From the BlogMeet Ron


There is no king who has not had a slave among his ancestors, and no slave who has not had a king among his.
–Helen Keller

The human race is a huge mixture of dignity and degradation and everyone inherits the blend. We can respect the slave in us for his endurance and suffering. And the king in us earns our respect for his leadership and justice. Are we ashamed of who we are or where we have come from? Then we may have to look deeper and ask if we are really different from any other person.
Do we believe we must conform to some mold of acceptability, some proper appearance? Are we so focused on the surface that we miss the deeper values of our humanness? Sometimes we take on a reverse smugness and become judgmental of the person who looks successful or speaks well. We think, “I can’t like them, they are in a different class.” We all need acceptance and respect, and in this program we are equals from the first day.
God, grant me the self esteem to accept the whole mixture that comes together in me and in the people around me.
Living with Families

I was forty-six years old before I finally admitted to myself and someone else that my grandfather always managed to make me feel guilty, angry, and controlled.

We may love and care about our family very much. Family members may love and care about us. But interacting with some members may be a real trigger to our codependency – sometimes to a deep abyss of shame, rage, anger, guilt, and helplessness.

It can be difficult to achieve detachment, or an emotional level, with certain family members. It can be difficult to separate their issues from ours. It can be difficult to own our power.

Difficult, but not impossible.

The first step is awareness and acceptance – simple acknowledgment, without guilt, of our feelings and thoughts. We do not have to blame our family members. We do not have to blame or shame ourselves. Acceptance is the goal – acceptance and freedom to choose what we want and need to do to take care of ourselves with that person. We can become free of the patterns of the past. We are recovering. Progress is the goal.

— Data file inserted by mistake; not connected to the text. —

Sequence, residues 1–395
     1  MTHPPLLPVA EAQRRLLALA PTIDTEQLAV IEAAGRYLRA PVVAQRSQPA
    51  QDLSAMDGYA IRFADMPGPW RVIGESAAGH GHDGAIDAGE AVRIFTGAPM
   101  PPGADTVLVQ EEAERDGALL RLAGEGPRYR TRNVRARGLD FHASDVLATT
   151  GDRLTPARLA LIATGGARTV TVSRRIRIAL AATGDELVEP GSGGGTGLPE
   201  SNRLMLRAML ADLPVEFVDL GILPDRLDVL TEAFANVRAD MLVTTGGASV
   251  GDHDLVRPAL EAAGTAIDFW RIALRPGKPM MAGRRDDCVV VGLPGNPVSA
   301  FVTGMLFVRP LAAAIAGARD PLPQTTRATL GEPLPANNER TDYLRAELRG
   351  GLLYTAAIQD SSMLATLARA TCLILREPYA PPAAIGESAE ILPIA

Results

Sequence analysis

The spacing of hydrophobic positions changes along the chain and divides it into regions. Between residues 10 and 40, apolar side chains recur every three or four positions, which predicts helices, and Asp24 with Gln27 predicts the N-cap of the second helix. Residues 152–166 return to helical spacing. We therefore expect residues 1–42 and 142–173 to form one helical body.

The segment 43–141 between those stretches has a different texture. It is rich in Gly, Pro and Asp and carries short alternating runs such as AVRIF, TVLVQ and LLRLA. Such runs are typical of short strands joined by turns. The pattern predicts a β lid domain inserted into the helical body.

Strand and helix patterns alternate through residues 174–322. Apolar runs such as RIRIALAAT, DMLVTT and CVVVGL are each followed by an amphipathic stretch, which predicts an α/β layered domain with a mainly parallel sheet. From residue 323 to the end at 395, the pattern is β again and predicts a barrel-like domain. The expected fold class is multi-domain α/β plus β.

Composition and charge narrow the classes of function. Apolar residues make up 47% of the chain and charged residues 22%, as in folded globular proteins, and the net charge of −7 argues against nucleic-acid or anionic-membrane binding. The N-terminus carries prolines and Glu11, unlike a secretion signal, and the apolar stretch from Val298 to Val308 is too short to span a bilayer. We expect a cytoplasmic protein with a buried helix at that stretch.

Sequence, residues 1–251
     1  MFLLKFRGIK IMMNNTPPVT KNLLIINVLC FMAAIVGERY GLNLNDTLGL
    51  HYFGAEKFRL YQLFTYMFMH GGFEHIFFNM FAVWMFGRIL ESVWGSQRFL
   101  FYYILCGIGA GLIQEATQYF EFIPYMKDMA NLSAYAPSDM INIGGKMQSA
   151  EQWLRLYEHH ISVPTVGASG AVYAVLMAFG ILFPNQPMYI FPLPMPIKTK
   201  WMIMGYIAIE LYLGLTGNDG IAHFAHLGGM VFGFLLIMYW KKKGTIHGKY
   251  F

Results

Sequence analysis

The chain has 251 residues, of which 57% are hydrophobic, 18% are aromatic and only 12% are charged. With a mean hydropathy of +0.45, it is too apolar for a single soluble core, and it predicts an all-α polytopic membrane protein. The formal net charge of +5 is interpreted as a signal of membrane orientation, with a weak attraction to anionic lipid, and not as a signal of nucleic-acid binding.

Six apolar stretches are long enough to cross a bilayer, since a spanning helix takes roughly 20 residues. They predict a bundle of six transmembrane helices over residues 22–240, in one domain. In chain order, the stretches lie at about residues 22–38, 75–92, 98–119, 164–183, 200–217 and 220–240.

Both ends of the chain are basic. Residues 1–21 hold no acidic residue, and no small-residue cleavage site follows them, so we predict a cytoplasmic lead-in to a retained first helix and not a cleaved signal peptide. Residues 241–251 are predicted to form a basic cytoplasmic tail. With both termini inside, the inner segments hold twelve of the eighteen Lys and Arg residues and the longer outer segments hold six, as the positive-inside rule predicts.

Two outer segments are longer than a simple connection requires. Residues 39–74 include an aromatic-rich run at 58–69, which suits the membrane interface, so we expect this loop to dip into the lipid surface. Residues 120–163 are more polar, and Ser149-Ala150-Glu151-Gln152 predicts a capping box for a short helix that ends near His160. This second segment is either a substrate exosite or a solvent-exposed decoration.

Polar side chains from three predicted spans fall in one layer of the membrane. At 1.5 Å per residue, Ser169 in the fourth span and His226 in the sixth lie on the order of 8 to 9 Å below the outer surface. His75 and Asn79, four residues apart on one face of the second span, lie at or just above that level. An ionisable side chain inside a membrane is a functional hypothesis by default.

Today, Higher Power, help me be patient with myself as I learn how to apply recovery behaviors with family members. Help me strive today for awareness and acceptance.
Let it be
Life is a series of letting go’s – an “infinite” series of letting go’s. All things in life are given us on loan. Stand face-to-face with life, learn to let go, and whatever comes our way– success or failure, joy or sorrow, support or betrayal, light or darkness– it all blesses us. Once we have learned to let go, we are prepared for whatever life gives us. And death itself is nothing to be feared.
–Matthew Fox

For many years, I resisted the concept of letting go. I resisted mostly because I didn’t understand what people were talking about. I’d be loudly obsessing about something. “Just let go,” they’d say. “Okay,” I’d say. Then I’d walk away and wonder what they meant, and mostly how to do it. Soon, I caught on. If I didn’t want people harping on me about letting go, I needed to obsess silently. Privately. Or at least in the presence of someone who wouldn’t lecture me about letting go.

As the years wore on, I was forced into letting go. Eventually I even wrote a book called The Language of Letting go. I thought it was the end of my need to practice letting go.

When my son died, I learned that writing the book was only a prelude, an introductory course in letting go. Over the years that followed, I gradually began to learn a new respect for this behavior called letting go.

Letting go is a behavior we can practice each day, whatever the circumstances in our lives. It’s a behavior that benefits relationships we want to work. It’s a helpful behavior in insane relationships, too. It’s a useful tool to use when we really want to bring something or someone into our lives, and in accomplishing our goals. It’s a helpful tool to use on outdated behaviors such as low self-esteem and manipulation.

Letting go takes the emotional charge, the drama, out of things and restores us to a sense of balance, peace, and spiritual power.

Letting go works well on the past and the future. It brings us into today.

Paraphrasing the mystic writer Matthew Fox, everything that comes, comes to pass. It’s not as complicated as it sounds. Learning the art of letting go really means learning to calmly let things be.
God, help me learn to let go.

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